Meraaj or Ascension

Physical Journey or Mystical Experiment?

By Maqbool Ahmed Siraj

Some even argue that Asra refers to ‘journey by night’ and not bodily lifting as the same term has been used at two more places in the Holy Quran to refer to Prophet Moses’ leaving Egypt with his bondsmen to escape Firaun’s persecution. .

Several companions of the Holy Prophet, including his wife Ayesha were convinced that it was a spiritual experiment, not a physical journey.

Come Rajab, the seventh month of the Islamic calendar, there will be celebration of Shab e Meraaj or the night of Ascension. A non-Quranic belief has gained ground among Muslims that the Holy Prophet made a physical journey to the Heavens (skies) at the behest of Allah subhanahu wa taala. Several hadith are quoted in this context. The narrative has been woven around with myths and legends to develop into a story which does not seem to be in sync with rational teachings of Islam. Much of these do not stand to reason.
It appears a lot of these myths bear the stamp of Israelite traditions which distorted the teachings of the Divine books that were revealed prior to Islam. It will be pertinent to refer to the verse of the Quran in this context. The verse that alludes to the experience of Ascension or Meraaj is the first verse of Surah Bani Israil (alternatively known as Surah Asra too). Here are some translations:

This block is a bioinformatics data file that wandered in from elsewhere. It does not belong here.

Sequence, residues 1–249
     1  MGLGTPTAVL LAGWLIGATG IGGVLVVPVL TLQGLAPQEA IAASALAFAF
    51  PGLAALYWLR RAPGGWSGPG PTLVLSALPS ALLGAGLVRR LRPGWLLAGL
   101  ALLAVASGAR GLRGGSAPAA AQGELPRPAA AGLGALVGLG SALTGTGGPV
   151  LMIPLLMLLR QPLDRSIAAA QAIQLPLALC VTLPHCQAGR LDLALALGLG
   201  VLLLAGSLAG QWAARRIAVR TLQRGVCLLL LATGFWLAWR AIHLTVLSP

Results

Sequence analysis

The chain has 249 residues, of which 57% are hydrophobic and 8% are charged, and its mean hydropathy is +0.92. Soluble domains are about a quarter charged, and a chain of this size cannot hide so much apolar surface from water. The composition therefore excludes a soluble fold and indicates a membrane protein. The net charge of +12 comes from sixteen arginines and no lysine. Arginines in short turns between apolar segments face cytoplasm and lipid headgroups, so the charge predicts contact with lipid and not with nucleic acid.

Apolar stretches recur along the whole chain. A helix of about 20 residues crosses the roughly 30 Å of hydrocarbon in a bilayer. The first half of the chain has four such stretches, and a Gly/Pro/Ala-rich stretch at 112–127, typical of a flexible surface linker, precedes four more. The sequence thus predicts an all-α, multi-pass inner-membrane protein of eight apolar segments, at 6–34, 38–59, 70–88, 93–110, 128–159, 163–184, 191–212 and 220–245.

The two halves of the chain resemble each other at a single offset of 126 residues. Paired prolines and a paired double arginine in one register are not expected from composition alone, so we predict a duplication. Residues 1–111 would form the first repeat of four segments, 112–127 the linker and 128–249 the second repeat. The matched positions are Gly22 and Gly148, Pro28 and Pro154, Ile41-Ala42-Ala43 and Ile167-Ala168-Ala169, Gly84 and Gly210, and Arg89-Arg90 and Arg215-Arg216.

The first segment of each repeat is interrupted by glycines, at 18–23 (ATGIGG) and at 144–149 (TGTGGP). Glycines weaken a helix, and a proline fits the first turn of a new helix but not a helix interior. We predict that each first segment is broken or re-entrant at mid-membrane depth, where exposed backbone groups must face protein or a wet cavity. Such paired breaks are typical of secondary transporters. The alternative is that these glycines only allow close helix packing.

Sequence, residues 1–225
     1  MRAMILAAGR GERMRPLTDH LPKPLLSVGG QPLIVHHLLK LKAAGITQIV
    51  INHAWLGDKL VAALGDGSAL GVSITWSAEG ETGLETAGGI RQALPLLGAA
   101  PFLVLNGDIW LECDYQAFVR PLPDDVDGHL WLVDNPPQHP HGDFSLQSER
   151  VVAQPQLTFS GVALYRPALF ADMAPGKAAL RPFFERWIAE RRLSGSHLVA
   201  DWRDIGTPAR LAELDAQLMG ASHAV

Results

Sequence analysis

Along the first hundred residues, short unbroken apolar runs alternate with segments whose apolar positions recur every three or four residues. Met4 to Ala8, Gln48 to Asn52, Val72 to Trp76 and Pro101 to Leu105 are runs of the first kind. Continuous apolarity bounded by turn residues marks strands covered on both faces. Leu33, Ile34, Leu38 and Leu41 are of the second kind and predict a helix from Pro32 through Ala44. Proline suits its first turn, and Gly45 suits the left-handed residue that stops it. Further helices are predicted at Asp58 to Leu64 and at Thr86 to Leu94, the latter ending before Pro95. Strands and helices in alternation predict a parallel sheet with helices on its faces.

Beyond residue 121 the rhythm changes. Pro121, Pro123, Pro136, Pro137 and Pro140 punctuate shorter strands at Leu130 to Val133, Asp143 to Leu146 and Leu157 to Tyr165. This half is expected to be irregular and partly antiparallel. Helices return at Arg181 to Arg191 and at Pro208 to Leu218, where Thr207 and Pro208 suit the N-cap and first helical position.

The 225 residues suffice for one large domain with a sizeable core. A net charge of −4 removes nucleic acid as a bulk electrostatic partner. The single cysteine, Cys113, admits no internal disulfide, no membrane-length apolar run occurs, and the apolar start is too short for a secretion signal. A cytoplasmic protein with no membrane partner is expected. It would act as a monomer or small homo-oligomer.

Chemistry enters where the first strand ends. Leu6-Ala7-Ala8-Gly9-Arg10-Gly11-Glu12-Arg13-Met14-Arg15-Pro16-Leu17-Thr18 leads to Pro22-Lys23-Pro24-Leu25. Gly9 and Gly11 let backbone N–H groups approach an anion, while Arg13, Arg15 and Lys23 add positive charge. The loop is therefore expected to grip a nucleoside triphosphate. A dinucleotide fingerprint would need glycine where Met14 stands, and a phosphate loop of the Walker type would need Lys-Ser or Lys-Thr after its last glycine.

Abdullah Yusuf Ali translates it thus in his Translation and Commentary on The Holy Quran:
Glory be to Him who transported His bondsman by night from the Sacred Masjid to the Remote Masjid whose precincts We have blessed, so that We might show him some of Our signs! Surely! He is all-hearing, all-seeing.
Muhammad Marmaduke Pickthall has the following to say in his The Glorious Quran:
Glorified be He who carried His servant by night from the Inviolable Place of worship to the Far Distant Place of Worship, the neighbourhood whereof We have blessed, that We might show him of Our tokens! Lo! He only He is the Hearer, the Seer.
Muhammad Asad in his The Message of the Quran :
Limitless in His glory is He who transported His servant by night from the Inviolable House of Worship (at Mecca) to the Remote House of Worship (at Jerusalem)—the environs of which We have blessed—so that We might show him some of Our symbols: for, verily, He alone is all-hearing, all-seeing.